ARCHIVED - Decision CRTC 2001-111
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Decision CRTC 2001-111
Ottawa, 21 February 2001
Mr. R.A. Fillingham, B.A., C.A.
Dear Mr. Fillingham:
Re: Application No. 200102236 - Denied by Majority Decision
Request from CTV Inc. for an extension of the sale of its 40% voting interest in CTV SportsNet Inc., a national service
This is in reference to your letter of 18 January 2001 in which you seek Commission authority for an extension in respect of the sale of CTV Inc. (CTV)'s voting interest in CTV SportsNet Inc. (SportsNet).
The Commission notes that CTV was granted, in Decision CRTC 2000-86, a period of twelve months to file an application for the divestiture of its voting interest in SportsNet. In the Commission's view, this is a reasonable timeframe for the divestiture requirement. Furthermore, the Commission is aware that potential purchasers are interested in purchasing CTV's interest in SportsNet.
The Commission acknowledges your argument regarding the public process initiatied by Public Notice CRTC 2000-165 but is of the view that the sale of CTV's voting interest in SportsNet should not be delayed because of the pending policy review. With respect to evaluating the acceptability of any prospective purchaser, the Commission reminds CTV that it will do so in due course pursuant to any policy that may exist at the time.
Consequently, by majority vote, the Commission denies your request to extend the time frame for divestiture of your interest in SportsNet. The Commission reminds CTV of its obligation to adhere to the condition of approval set out in Decision CRTC 2000-86. Considering the denial of the extension, the Commission reminds CTV that trust arrangements for CTV's interest in SportsNet must be in place, with prior Commission approval, by 24 March 2001. Finally, the Commission reminds CTV that it must confirm by 24 March 2001 that it no longer manages SportsNet directly or indirectly, and no longer votes the shares of other shareholders through a voting trust agreement or otherwise.
All letters of approval issued by the Commission are made available for public examination at the Commission's central office and the regional office. The Commission also requires you to append this letter to the SportsNet licence.
Finally, this letter is not to be interpreted in any way as an indication that the Commission is predisposed to authorize the subsequent applications relating to the transaction.
Dissenting opinion of Commissioners Andrée Noël and Andrew Cardozo
With all due respect for the opinion expressed by the majority, we believe that, in this case, it would have been appropriate to grant a further period to CTV to divest itself of its 40% interest in Sportsnet. It is important to keep in mind that on 8 December 2000, the Commission issued Public Notice CRTC 2000-165 announcing a review of its position regarding ownership of discretionary programming undertakings by cable distribution undertakings.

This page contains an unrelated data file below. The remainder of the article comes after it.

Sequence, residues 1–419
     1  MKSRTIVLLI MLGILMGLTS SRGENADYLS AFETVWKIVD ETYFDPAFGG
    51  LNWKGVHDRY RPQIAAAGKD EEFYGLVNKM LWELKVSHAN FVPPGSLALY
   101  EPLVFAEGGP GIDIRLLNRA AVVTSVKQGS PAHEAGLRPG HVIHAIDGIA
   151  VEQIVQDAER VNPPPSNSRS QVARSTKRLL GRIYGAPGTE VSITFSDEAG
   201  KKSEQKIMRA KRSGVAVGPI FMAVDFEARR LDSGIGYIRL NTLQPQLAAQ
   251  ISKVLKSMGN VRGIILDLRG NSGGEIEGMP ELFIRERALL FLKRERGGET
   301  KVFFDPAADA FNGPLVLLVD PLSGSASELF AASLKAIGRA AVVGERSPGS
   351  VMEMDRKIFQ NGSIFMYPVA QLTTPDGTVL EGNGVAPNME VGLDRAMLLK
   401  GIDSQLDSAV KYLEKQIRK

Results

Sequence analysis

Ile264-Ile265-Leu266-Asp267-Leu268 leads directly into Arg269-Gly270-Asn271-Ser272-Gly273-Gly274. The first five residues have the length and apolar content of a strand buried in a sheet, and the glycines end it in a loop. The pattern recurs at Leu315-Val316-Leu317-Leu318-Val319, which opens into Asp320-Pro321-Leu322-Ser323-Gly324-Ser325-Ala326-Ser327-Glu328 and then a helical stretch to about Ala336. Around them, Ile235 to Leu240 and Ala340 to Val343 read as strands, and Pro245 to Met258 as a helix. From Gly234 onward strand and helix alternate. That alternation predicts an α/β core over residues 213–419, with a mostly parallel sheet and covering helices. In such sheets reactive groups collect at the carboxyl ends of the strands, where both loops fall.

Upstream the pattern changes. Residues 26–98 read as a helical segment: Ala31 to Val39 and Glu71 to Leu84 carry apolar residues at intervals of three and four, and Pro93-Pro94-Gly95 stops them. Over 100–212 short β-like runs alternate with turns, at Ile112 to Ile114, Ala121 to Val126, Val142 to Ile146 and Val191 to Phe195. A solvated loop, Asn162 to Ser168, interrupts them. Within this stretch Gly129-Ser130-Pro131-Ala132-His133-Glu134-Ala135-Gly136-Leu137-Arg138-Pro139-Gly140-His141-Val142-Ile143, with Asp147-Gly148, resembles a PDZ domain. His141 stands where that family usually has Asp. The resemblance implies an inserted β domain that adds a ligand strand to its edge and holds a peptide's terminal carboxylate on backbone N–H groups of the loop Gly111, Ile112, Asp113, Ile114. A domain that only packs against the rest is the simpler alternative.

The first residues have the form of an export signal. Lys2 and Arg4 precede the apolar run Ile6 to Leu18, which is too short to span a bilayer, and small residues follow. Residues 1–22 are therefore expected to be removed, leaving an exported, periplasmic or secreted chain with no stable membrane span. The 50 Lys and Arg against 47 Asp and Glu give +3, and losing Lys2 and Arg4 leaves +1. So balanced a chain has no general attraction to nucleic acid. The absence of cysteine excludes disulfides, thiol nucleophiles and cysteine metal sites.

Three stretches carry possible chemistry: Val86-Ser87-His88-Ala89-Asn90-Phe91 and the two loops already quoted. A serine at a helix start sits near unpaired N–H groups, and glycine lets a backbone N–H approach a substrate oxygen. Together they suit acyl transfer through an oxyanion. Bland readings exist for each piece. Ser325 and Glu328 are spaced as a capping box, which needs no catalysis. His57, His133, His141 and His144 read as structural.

The current policy on ownership of discretionary programming undertakings, and on the vertical integration of such undertakings with cable distributors, could be substantially or even radically changed as a consequence of this process.
Sportsnet's shareholder agreement obliges CTV to offer its shares ultimately to Rogers. If Rogers should exercise its rights under the shareholder agreement, and submit an application to have the 40% of Sportsnet's shares currently held by CTV transferred to itself, it is unlikely under the current policy that the application would be approved. It therefore seems both logical and desirable that the deadline for CTV to divest itself of its interest in Sportsnet be extended. This would allow the parties concerned to enter the divestiture process with a full understanding of the new rules of the game, and not in an atmosphere of policy indecision.
Accordingly, we would grant CTV a further period to sell its holdings in Sportsnet, extending the deadline to 45 days following publication of the Commission's policy determinations pursuant to Public Notice CRTC 2000-165. We feel the requested period of 120 days is too long, and that 45 days would be sufficient to enable the applicant to begin the process in question.
If the applicant is unable to file a share transfer application within the period mentioned above, it would have to place the shares in the hands of a trustee approved by the Commission, and in accordance with terms and conditions that the Commission would deem appropriate under the circumstances.
We wish to draw attention to the fact that CTV applied to the Commission two months before the deadline set in Decision CRTC 2000-86, and barely more than a month after publication of Public Notice CRTC 2000-165. We do not believe, particularly given these circumstances, that this application constitutes a delaying tactic.
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